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October 20, 2016

CAN I EAT THIS? EGGS.



Ever wonder if those eggs you bought last month are still good? I know I do. It happens when we are in an egg phase and I buy 3 or 4 cartons. However when I do that, we seem to suddenly be out of the egg phase. Instead of cracking open egg to smell it or see if it's discolored, there is a much easier method.

The water method:
All you need is some cold water in a dish deep enough to cover an egg. Fill you dish with the cold water and then drop your egg in. If it floats it's bad. If it sinks it's good to go. View the image below for some in between info.

Photo Via: http://greatist.com/ 


I honestly didn't know about this method until a couple of years ago. I would just toss out eggs which is a shame because I bet many times I could have still used them to baking. You can still go further by cracking the egg open. Obviously if there is any rancid or odd odor the egg isn't safe to eat. I mean this is truly a sure fire way. However the water test can at least help weed out eggs that clearly aren't any good. I have tested this, but I am no expert. I am only giving you my experience. Every time I have cracked open an egg that floated to the top it smelled horrible when I cooked it. Not as soon as I cracked it, but that could be because it isn't old enough. I've never had an egg make me feel ill or come out smelling funny when cooking when it stood up on one end. Please trust your own judgment however.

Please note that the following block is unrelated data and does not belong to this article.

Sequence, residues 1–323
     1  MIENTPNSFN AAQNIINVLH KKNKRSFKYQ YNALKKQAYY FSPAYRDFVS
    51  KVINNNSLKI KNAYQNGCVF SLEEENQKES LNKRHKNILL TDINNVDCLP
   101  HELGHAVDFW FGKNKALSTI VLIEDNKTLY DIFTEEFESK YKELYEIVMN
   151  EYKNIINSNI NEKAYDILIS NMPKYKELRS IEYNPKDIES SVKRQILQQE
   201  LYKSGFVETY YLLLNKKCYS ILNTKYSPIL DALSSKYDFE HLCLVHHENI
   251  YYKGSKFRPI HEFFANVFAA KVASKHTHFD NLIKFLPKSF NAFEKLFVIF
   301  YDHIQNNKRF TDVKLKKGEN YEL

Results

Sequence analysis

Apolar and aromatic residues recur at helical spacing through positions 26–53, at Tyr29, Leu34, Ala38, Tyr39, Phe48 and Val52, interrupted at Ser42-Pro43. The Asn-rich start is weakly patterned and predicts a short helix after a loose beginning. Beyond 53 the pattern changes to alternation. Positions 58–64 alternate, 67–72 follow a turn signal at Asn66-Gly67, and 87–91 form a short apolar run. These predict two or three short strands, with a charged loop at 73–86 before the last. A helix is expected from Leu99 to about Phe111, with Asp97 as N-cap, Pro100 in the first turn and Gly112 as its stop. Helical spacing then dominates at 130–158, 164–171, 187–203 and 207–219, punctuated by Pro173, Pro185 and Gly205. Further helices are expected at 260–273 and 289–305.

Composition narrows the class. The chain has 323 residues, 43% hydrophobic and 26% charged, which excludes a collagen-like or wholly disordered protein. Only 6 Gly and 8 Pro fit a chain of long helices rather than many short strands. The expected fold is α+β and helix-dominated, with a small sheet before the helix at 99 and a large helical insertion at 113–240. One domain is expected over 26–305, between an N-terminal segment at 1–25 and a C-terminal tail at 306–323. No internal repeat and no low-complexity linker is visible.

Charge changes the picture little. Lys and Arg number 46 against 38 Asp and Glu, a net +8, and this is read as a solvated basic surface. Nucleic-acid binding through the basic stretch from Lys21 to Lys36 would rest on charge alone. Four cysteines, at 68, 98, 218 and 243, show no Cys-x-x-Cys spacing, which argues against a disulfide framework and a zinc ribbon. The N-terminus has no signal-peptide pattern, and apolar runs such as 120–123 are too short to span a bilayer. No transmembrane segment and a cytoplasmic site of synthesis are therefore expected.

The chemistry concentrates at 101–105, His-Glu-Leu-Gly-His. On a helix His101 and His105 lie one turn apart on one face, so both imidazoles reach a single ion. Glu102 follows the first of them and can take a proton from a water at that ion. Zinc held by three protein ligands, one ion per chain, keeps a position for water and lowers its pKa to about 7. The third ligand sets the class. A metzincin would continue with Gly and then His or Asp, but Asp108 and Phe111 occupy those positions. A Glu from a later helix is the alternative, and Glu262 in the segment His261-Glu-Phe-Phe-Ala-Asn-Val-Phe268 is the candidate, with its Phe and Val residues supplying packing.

There are many ways to prolong the life of your egg. I have seen people coat their eggs in oil and put them in the fridge. I really don't know if that works but do not put them in the egg tray in the door. The door is not the cool enough for things like eggs or milk. Maybe the fancy schmany new fridges do but most run of the mill fridges do not. I wouldn't suggest putting them all the way in the back either. I notice the chances of them freezing increases. Unfortunately I have learned them the hard way. I tend to keep min in the middle shelf that doesn't get much action and is not as big. The temp doesn't seem to change as much there. I keep them in their carton, I don't swap them out. I do not know about fresh out the chicken eggs. Unfortunately living where I live you don't get fresh eggs like that. This has worked for me so feel free to give it a go if you don't already do these things.

What methods do you use for store bought eggs or fresh eggs? Share with me below!

*Post photo via: https://www.flickr.com/photos/wwworks/


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